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From Products Liability Law Daily, February 10, 2014

Curtain and side air bags reduce fatalities in near-side impacts, report finds

By Joe Bichl

The National Highway Traffic Safety Administration (NHTSA) is seeking public comment on a recently published technical report evaluating the fatality-reducing effectiveness of curtain and side air bags in the front seats of passenger cars and light trucks and vans (LTVs). The report, entitled “Updated Estimates of Fatality Reduction by Curtain and Side Air Bags in Side Impacts and Preliminary Analyses of Rollover Curtains,” found that curtain and side air bags significantly reduced fatalities in near-side impacts for drivers and right-front passengers of cars and LTVs. The report updates NHTSA’s preliminary evaluation of curtain and side air bags, issued in 2007. Comments must be received no later than June 10, 2014 (NHTSA Notice79 FR 7739, February 10, 2014).

Background. Curtain and side air bags are designed to protect occupants in near-side impacts, those to the sides of vehicles adjacent to where the occupants are seated. Four major types of curtain and/or side air bags have been available in the United States since 1996. However, by model year 2011, 85 percent of new cars and LTVs were equipped with curtains plus torso bags for drivers and right-front passengers. Curtains that deploy in rollover crashes began to appear in 2002; and by 2011, about 45 percent of new cars and LTVs were equipped with such curtains.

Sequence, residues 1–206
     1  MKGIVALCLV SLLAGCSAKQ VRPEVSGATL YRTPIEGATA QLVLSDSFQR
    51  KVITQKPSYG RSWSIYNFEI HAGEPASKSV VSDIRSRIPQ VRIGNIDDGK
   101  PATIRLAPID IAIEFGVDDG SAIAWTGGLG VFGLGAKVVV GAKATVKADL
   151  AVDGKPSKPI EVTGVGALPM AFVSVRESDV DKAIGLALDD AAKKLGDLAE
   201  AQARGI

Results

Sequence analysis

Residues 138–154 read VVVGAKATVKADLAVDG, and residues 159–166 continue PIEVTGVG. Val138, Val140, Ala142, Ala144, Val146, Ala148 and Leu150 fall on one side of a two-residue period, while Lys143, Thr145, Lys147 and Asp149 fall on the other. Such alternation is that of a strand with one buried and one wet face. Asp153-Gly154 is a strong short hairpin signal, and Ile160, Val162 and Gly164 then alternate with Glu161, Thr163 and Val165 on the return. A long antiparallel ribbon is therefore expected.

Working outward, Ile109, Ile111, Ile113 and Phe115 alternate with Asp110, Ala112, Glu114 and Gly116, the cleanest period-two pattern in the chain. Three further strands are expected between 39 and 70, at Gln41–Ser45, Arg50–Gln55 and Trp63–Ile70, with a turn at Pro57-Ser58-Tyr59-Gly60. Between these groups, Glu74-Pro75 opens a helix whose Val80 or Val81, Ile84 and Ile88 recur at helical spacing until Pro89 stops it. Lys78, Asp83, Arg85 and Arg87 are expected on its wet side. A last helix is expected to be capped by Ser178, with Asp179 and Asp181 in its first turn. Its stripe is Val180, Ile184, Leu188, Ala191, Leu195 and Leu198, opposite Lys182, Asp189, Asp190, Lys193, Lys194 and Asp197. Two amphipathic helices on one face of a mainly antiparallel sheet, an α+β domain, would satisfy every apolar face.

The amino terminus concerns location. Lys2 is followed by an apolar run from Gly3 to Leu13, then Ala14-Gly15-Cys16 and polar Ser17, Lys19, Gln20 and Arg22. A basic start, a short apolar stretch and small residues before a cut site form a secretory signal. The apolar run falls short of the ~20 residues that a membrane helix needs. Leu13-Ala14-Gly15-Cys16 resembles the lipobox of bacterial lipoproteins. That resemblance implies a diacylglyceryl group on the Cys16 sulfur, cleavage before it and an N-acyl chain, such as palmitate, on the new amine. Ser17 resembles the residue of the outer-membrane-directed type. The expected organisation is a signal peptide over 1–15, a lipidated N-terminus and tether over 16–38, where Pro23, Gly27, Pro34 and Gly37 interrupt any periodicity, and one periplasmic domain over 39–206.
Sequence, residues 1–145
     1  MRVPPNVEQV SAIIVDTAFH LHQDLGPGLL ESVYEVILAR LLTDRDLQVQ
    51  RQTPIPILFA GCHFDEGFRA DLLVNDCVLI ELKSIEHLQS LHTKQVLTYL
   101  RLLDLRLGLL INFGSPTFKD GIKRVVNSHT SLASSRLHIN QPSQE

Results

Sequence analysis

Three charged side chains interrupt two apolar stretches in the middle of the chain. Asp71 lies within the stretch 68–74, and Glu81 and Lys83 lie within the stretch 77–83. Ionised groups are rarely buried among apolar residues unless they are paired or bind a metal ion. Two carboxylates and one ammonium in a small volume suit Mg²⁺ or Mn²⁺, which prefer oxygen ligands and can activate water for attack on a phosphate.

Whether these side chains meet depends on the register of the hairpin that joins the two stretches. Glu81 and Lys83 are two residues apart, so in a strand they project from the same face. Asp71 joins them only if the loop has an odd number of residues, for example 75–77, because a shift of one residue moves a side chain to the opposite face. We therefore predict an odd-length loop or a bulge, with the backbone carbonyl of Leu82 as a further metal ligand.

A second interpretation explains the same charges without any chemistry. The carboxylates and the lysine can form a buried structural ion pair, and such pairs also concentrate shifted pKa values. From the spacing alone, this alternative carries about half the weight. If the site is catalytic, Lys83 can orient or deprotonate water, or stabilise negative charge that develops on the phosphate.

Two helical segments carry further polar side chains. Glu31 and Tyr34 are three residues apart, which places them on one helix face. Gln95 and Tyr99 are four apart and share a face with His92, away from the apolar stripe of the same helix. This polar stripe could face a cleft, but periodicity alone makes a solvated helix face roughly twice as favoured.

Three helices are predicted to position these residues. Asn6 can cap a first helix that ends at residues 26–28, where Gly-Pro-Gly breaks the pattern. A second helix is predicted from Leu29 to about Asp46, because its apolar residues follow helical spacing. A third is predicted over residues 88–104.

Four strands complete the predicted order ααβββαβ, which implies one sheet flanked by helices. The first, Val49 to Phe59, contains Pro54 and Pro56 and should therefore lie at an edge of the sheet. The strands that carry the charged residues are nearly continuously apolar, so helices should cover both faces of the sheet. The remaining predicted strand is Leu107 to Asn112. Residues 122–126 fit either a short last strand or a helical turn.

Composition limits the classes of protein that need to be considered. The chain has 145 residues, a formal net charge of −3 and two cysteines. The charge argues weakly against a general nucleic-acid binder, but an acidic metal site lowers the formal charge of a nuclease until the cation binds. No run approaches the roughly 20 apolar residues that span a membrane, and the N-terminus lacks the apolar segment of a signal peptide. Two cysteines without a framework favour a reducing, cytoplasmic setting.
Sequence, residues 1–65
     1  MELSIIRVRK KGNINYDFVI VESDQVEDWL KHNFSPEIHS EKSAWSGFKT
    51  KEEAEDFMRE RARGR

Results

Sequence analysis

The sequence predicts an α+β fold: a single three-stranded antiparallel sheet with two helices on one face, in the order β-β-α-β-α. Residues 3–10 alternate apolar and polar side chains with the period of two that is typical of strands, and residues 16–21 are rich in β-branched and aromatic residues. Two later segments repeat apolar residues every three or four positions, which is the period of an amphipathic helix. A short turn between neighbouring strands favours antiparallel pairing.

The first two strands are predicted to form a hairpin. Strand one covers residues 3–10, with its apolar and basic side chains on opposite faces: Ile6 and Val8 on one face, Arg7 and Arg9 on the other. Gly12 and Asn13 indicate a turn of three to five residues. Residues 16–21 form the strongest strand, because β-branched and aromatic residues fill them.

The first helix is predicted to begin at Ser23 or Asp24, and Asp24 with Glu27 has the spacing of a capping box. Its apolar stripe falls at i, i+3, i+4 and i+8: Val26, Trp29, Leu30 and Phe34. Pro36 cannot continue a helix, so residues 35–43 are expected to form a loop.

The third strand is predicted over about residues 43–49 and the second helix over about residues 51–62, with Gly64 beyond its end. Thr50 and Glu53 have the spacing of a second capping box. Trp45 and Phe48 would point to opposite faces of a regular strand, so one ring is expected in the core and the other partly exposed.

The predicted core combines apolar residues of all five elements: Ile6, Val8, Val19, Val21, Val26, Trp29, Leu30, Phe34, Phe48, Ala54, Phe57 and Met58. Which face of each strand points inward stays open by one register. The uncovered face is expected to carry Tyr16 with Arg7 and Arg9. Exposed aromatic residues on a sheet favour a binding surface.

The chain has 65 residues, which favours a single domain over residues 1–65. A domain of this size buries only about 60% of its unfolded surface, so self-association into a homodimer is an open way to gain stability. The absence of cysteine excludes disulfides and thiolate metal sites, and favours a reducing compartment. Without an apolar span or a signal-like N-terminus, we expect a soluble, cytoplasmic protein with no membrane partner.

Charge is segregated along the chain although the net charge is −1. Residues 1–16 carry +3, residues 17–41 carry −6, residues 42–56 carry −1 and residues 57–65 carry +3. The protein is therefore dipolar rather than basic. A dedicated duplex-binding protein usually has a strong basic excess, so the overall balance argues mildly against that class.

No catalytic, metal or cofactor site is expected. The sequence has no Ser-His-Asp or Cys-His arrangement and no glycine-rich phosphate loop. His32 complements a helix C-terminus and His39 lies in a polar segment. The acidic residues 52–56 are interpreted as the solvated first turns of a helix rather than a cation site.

Report findings. According to the report, analyses of fatality analysis reporting system data through calendar year 2011 show statistically significant fatality reductions for all four types of curtain and side air bags in near-side impacts for drivers and right-front passengers of cars and LTVs: curtains plus torso bags, 31.3 percent; combination head/torso bags, 24.8 percent; curtains only, 16.4 percent; and torso bags only, 7.8 percent.

Corresponding analyses of far-side impacts do not show corresponding, large benefits for curtain or side air bags, the report determined. Curtains that deploy in rollover crashes show a statistically significant effect in first-event rollovers: the estimated fatality reduction is 41.3 percent. The agency suggested that analyses should be repeated in three or four years, when more data is available.

In 2007, NHTSA upgraded FMVSS No. 214, “Side impact protection” by adding a crash test of a 20 mph side impact with a pole, at a 75-degree angle (72 FR 51908). The agency anticipated that head-protection air bags such as curtains or combination bags generally would be installed to meet the new requirement. In 2011, NHTSA issued FMVSS No. 226, “Ejection mitigation” (76 FR 3212), anticipating that containment of the occupant would be achieved in many vehicles by curtains designed to deploy in rollovers.

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